Bloomberg / Rebecca Penty and Mike Lee
TransCanada Corp. (TRP), which says Keystone XL will be the safest pipeline ever built, isn’t planning to use infrared sensors or fiber-optic cables to detect spills along the system’s 2,000-mile (3,200-kilometer) path to Texas refineries from fields in Alberta.
Washington Post / Joby Warrick and Jason Rezaian
President Obama and the newly elected president of Iran signaled willingness to improve ties between their nations Monday, but both leaders made clear that a positive tone may not easily translate into progress in resolving the dispute over Iran’s nuclear program.
Global Securit Newswire / Douglas P. Guarino
House appropriators are looking to provide nearly $200 million less than the Obama administration has sought for nuclear weapons programs in fiscal 2014, even as fellow Republicans on other committees argue the administration is not requesting enough.
Reuters / Roberta Rampton
President Barack Obama and Russian President Vladimir Putin said they would sign an agreement on securing and destroying nuclear material to prevent the spread of nuclear weapons, replacing a 1992 deal that expired on Monday.
African countries are among a number of nations joining with the World Bank in a new Renewable Energy Mapping Program to map renewable energy resources.
The Chronicle of Higher Education / Cory Weinberg
The United States’ global competitiveness is suffering in part because recent policies at all levels of education have widened the achievement gap between rich and poor, according to a report released on Monday by the Council on Foreign Relations.
The New Yorker / Michael Specter
I am not sure I gave much thought to nuclear power before 1979, when the accident at Three Mile Island made environmental apathy impossible—or, at least, detestable. But there are few more obvious signs that the world is moving in the wrong direction than an event that threatens to despoil the planet forever. To be for nuclear power after Three Mile Island (and, even worse, after the accident at Chernobyl, in 1986) was to be for corporations; for lying, callous governments; and for the inane notion that the benefits of new technologies always outweigh the risks. Nuclear power just wasn’t nature’s way, and who can be against nature?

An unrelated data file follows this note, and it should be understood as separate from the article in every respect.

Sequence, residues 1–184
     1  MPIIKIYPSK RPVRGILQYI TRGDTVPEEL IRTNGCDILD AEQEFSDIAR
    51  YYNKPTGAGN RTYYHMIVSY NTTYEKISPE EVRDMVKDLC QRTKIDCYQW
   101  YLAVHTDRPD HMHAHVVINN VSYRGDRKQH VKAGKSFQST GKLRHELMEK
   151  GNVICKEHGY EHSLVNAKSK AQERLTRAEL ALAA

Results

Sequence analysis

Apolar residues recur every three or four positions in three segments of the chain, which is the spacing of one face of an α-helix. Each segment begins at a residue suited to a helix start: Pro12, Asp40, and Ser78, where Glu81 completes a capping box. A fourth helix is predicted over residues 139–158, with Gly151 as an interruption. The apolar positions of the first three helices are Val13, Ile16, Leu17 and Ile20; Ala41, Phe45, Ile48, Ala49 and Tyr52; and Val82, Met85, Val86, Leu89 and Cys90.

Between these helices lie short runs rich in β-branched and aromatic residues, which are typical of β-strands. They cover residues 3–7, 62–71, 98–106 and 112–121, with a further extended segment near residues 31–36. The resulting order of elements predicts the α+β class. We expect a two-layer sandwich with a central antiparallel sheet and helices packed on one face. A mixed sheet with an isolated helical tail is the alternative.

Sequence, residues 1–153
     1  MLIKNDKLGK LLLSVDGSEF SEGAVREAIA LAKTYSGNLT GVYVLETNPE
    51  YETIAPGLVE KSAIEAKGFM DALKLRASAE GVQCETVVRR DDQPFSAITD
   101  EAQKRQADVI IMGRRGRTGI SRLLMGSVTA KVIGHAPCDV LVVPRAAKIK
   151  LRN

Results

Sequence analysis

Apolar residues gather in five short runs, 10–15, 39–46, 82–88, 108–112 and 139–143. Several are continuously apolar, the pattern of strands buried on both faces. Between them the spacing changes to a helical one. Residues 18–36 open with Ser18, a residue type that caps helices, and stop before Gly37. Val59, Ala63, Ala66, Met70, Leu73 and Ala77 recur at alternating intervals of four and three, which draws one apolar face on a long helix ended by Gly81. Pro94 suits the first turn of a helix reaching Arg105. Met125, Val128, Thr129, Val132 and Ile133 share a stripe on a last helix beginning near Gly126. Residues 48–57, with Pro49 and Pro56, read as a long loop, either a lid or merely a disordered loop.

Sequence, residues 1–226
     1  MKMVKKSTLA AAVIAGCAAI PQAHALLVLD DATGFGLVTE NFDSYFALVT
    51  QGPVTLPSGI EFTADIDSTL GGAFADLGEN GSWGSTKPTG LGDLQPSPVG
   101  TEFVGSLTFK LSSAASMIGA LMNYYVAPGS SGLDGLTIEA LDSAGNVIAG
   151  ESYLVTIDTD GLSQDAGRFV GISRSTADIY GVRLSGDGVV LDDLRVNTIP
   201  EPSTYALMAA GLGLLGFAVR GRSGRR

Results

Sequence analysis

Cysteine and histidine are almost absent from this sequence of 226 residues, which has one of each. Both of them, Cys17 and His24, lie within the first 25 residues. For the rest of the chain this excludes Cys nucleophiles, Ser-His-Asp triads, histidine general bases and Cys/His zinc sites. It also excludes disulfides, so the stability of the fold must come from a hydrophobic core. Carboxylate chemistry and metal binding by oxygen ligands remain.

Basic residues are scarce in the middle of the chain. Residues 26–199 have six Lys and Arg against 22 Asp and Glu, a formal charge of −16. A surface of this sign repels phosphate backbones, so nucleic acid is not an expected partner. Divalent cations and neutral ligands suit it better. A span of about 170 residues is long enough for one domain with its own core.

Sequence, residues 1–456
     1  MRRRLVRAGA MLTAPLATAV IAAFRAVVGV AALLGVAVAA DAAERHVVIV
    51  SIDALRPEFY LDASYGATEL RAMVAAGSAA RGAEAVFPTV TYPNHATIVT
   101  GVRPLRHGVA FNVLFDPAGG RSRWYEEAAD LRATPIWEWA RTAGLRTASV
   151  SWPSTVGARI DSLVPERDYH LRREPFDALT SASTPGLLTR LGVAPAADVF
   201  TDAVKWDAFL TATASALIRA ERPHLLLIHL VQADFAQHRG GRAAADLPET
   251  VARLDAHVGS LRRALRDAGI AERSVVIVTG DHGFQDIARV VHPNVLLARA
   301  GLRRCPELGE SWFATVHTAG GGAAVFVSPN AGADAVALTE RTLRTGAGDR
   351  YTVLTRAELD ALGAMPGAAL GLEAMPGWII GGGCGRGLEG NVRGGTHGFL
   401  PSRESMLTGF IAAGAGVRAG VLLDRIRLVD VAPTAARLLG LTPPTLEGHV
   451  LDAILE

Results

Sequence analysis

ASP Recently in the News
ASP senior board member and former Governor of New Jersey Christine Todd Whitman was featured on last Friday’s The Daily Rundown to discuss the threats of climate change.
American Security Project Board Member Admiral William Fallon (US Navy Ret.) was recently quoted by Lara Jakes of the Associated Press in an article detailing the debate regarding the implementation of a no-fly-zone in Syria. Competing arguments as to the applicability of the lessons learned in Iraq with regards to the viability of a no-fly-zone are presented throughout. Admiral Fallon does not foresee the implementation of a such a tactic, citing fears of possible greater escalation than that of the United States’ best interest.
On Our Flashpoint Blog
The House of Representatives Passed its version of the National Defense Authorization Act last Friday, June 14. The Senate Armed Services Committee passed through their version of the defense bill this week, focusing on investment rather than construction. While the House has advocated for an East Coast Missile Defense site, the Senate passed on it in favor of spending that money on advanced sensors and research. Since the two differ on what is a more prudent defense option, they will have to decide in conference.
The Western Sahara conflict does not necessarily pose the conspicuous threat of a nuclear Iran, but if left unattended, the region could devolve into a haven for terrorism and extremism.
Monday, June 17 marks the United Nation’s “World Day to Combat Desertification and Drought.” The United States is not immune to the effects of desertification. Desertification in the American Southwest is a major concern for the United States as water resources decrease and arable land disappears.
In a highly anticipated meeting this past weekend, President Barack Obama and Chinese President Xi Jinping discussed a series of important issues in the bilateral relationship, ranging from North Korea to cyber security, maritime borders to trade. One issue that was overlooked by much of the media accounts of the event was an agreement on climate change. The two nations agreed to decrease the production and consumption of hydrofluorocarbons (HFCs).
The most successful initiatives in combating insurgency and extremism in Afghanistan were “silent and invisible.”
Join us for a lunchtime discussion with Visiting Scholar and former State Department official Joel Wit as he describes current North Korean nuclear, missile, and space programs using imagery slides. Mr. Wit will give his views on the policy options for dealing with this difficult and dangerous nation. The discussion will take place on Tuesday, June 25th from 12:30-2:00 pm. RSVP by emailing email@example.com.
With the United States in the midst of an oil and natural gas boom, long-held concerns about energy security are giving way to bold predictions of energy independence and diminishing concerns about climate change. These trends raise important questions for business leaders and policymakers alike. Please join us on Tuesday, June 25 from 4:15 until 5:30pm at 300 Madison Ave, New York, NY. as we explore them with some of the nation’s foremost national security experts. RSVP to firstname.lastname@example.org.